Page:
I was determined to exclusively breastfeed Stella for at least 6 months. I read so many books and articles on breastfeeding, joined online breastfeeding support groups, watched countless youtube videos. I hired a lactation consultant to come to our house. I bought nipple creams, breast pads, nursing covers. I drank just about every single lactation supplement in the market. I have not one, but two, nursing pumps, one for the home, and a portable one for when I’m out and about. I approached breastfeeding with almost military precision. Pump every 2 hours, round the clock. I was determined to reach my goal. And I almost did.
Just two weeks shy of my goal, I fed Stella a bottle of formula. Just like that, I had failed my first parenting goal. There were many reasons, none of which seem relevant now. For a time I was convinced that failing this would mean failing other parenting goals as well: how to be polite, to be kind, to work hard, to have grit and tenacity. How to achieve one’s goals, for that matter. It was hard not to wallow in melodrama. My daughter was not going to be as smart as the other kids! She will have a lifetime of health issues that she wouldn’t have otherwise if only I’d exclusively breastfed her! The list was endless. Then there was the sense of guilty and betrayal, too. I felt betrayed by my own body. My body, who had carried and sustained this child for nine months, just couldn’t nourish her as she deserved to be nourished. I resented it and I resented resenting it.
It took one mom in one of my online mommy support groups to make me feel that I finally had permission to cut myself some slack. I was telling this mom, a woman I happen to admire, about my various breastfeeding problems. She said ‘I started feeding my baby formula weeks ago. I’m not going to kill myself just to breastfeed.’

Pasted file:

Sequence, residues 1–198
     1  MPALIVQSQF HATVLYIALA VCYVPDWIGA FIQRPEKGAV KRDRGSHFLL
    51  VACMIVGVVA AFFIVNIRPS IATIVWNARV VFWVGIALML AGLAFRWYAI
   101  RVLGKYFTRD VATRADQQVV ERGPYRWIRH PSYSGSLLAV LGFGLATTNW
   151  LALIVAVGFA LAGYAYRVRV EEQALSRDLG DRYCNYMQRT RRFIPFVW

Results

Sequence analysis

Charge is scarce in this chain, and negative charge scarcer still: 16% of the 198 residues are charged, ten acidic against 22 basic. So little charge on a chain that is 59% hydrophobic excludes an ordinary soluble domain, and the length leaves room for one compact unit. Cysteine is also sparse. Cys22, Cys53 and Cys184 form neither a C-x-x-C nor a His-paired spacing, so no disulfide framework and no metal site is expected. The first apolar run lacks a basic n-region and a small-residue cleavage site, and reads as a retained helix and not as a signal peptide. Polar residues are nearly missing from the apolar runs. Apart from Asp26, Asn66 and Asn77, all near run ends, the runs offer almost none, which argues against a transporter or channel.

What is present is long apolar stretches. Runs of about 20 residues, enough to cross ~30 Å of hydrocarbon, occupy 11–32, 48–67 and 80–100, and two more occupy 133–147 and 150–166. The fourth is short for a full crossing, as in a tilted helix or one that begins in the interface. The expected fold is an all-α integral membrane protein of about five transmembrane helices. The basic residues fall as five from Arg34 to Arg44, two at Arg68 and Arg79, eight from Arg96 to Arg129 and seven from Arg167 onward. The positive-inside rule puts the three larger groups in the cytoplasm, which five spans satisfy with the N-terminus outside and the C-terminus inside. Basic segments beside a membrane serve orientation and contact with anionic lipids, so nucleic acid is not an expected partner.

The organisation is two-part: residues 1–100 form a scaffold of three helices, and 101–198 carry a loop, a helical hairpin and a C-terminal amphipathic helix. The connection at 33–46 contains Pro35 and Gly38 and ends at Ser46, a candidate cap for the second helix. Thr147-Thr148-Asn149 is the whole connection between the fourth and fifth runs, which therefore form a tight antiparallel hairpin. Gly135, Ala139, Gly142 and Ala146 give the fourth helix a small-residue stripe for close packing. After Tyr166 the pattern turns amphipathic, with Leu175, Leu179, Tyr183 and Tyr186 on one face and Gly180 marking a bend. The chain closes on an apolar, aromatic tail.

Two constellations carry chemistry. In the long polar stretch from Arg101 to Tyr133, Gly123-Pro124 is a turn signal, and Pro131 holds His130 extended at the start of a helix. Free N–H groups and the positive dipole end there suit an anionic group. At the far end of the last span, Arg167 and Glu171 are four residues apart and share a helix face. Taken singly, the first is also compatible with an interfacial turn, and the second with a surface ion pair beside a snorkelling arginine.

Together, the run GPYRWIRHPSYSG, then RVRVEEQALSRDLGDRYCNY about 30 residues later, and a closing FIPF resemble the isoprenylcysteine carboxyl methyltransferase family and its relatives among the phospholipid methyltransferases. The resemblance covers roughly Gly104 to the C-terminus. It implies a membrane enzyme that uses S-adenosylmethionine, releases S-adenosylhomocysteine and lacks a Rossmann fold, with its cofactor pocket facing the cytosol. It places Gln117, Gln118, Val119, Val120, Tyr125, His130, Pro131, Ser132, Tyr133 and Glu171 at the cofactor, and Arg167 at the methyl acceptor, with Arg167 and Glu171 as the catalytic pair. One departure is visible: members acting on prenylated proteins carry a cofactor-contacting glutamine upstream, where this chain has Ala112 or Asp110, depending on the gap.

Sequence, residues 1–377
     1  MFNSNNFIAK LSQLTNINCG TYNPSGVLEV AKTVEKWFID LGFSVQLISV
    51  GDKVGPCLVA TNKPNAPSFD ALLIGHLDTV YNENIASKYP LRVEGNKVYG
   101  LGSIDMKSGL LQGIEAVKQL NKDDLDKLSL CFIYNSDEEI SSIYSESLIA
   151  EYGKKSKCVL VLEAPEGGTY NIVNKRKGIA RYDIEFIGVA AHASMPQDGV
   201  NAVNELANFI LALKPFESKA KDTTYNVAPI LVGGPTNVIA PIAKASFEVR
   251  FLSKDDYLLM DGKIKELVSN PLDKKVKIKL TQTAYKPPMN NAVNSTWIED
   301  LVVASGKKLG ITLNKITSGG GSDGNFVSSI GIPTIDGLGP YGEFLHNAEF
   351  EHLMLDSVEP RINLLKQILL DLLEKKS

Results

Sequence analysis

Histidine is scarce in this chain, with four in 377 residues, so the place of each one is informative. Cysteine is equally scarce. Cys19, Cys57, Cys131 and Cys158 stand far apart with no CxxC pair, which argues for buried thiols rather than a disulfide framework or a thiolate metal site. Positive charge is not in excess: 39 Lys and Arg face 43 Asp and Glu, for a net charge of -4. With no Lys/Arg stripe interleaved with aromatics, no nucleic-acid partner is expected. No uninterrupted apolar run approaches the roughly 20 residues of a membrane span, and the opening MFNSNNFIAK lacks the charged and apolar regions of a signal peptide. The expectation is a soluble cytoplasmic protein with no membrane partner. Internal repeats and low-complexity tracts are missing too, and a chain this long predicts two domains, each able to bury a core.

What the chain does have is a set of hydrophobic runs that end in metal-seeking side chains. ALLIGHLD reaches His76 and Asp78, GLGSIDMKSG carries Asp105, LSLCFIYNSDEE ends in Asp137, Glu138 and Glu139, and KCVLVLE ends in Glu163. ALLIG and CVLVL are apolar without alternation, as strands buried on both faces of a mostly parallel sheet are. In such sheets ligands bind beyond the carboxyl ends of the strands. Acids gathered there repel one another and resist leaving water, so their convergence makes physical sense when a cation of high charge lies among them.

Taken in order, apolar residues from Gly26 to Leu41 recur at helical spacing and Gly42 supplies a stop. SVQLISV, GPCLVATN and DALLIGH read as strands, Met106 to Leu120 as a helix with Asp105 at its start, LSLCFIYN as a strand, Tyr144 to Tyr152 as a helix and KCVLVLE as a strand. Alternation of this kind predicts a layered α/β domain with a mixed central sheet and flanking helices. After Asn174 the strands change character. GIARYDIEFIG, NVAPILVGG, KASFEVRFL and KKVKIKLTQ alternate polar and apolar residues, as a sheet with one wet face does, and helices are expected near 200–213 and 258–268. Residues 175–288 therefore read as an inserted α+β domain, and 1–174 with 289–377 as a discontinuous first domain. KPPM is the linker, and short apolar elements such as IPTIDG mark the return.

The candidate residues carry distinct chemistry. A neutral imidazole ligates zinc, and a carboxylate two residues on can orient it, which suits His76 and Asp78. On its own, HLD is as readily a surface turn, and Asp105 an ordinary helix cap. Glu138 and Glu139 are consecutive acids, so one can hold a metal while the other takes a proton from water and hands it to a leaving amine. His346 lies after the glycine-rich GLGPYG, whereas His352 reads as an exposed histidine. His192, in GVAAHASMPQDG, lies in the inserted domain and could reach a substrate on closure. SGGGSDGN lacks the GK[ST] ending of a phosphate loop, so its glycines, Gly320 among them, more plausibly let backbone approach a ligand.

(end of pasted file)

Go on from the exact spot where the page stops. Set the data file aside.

It was as if a lightbulb had switched on in my head. “Yes!” I said. “Sometimes I just wanna say, f**k this s**t!” We both laughed, me somewhat bitterly. She was absolutely right though. While I have absolutely no regrets, there just came a point when you say, I can’t do this sh*t no more. Why it took a fearless, unapologetic mom to make me feel like I too, can quit apologizing for my failure and learn to just do what needs to be done, god only knows.
I didn’t give up immediately, but I did stop getting up in the middle of the night for pumping sessions. I spent time with my daughter as soon as I got home instead of pumping. I stopped wanting to kick myself whenever I forgot to store my “liquid gold” properly. I Most importantly, I let go of the guilt. I suppose if I had just applied myself more, pushed myself harder, perhaps I would have made it to my goal. Or perhaps not. I would never know now. When the time came for me to surrender and admit defeat, the one consuelo I told myself is that there is so much more to parenting than breastfeeding. It stung, but if I let guilt consume me, I’d only be setting myself up to fail at other things.
I still think breastfeeding is the best option for babies. Stella will be 7 months in a few days and I still continue to breastfeed her, albeit I now also mix feed with formula. But I have forgiven myself for using formula and I wish all moms who feel guilt about using formula do, too.